West Virginia students make modest improvement on standardized testing
By Matt Maccaro, WV MetroNews
West Virginia students made a minor improvement in 2016 Smarter Balanced Assessment testing, according to preliminary data released Wednesday by the state Department of Education.
The data showed that math proficiency improved from last year’s 26 percent to 30 percent while English-language arts scores improved from 45 percent in 2015 to 47 percent.
WVDE Executive Director of Communications Kristin Anderson said the scores in year two of the test are preliminary, but the math improvement is a number to be proud of.
“You have to think about where we started. We knew that in one year we were probably not going to jump 10 or 20 percentage points on proficiency,” she said. “But to see that 5 percent jump, we’re really pleased with that.”
WVDE Office of Assessment Director Dr. Vaughn Rhudy said there were many possible reasons for improved scores, especially that the test was no longer new to students and teachers.
“Students are getting used to the test. This is the second year so they are getting more familiar with the test and the test items,” he said. “We do have quite a few innovative items on this particular test. The teachers are more familiar with it. They’ve become familiar with the way the test is administered.”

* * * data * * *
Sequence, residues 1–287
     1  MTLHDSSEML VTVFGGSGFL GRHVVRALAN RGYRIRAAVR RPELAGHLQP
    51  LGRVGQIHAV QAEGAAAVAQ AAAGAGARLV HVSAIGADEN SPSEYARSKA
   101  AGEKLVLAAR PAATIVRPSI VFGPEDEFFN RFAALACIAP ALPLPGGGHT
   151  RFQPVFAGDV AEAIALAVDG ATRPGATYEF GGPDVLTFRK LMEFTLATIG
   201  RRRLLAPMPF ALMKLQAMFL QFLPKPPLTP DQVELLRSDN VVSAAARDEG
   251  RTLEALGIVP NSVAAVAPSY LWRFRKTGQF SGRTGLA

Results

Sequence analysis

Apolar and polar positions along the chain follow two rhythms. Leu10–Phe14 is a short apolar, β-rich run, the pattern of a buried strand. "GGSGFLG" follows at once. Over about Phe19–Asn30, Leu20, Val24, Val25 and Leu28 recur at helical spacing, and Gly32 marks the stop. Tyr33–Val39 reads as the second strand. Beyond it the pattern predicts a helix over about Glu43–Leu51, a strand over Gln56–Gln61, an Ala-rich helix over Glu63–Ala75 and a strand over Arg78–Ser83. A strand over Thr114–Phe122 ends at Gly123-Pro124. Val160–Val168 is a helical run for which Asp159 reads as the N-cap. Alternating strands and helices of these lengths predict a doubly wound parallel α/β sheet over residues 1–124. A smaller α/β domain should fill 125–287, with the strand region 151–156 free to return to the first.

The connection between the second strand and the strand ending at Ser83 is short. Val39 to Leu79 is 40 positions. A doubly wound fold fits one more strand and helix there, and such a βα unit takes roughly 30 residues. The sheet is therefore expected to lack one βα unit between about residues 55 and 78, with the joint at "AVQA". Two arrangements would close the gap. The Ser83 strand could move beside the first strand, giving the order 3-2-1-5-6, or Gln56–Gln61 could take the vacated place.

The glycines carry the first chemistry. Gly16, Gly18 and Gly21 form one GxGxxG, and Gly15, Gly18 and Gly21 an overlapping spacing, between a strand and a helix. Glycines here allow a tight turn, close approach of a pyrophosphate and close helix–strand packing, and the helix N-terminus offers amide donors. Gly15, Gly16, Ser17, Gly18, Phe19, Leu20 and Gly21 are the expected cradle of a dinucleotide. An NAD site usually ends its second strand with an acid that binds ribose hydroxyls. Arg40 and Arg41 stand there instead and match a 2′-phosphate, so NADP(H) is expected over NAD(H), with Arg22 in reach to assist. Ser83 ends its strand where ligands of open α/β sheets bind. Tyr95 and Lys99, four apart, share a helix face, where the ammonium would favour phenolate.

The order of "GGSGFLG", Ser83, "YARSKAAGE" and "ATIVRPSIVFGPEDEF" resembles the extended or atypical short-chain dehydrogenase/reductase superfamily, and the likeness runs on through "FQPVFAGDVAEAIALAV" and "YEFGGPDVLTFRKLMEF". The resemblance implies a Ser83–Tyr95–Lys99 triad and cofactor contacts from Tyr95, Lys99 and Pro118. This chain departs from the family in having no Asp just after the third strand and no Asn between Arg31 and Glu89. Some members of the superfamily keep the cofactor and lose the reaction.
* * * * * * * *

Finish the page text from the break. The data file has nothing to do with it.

Time spent on the test was close to the estimated amount in grades 3-5, but dropped off in middle school and even more so among high school students. Rhudy said time spent on the test largely varies from student to student, but it is a cause for concern.
“Exactly what the reason for that is, it could be some motivation factors and so forth. That is a great concern to us. We want to make sure that our students are spending whatever time is necessary (which) is going to depend on the individual student.”
Even for high school students, Rhudy said there’s a reason to take the Smarter Balanced seriously: students who score highly enough can avoid remedial courses in college.
“I’m not sure the word has gotten out completely to all of the high school students, especially grade 11 students that if they get a three or a four on the grade 11 test, that that will get them out of remedial courses in college,” he said. “I think we’re going to try to do more communication on that.”
Rhudy said there wasn’t a set number where the WVDE wants West Virginia students to be, but continued improvement was expected.
“We want to be as high as possible,” he said. “We would like for in each of our grade levels to be at least more than 50 percent. We’re moving toward that, particularly in ELA.”
The 2016 Smarter Balanced scores were released Wednesday at a meeting of the state Board of Education in Charleston.
The Smarter Balanced creates tests aligned with Common Core standards and is used by 17 U.S. states.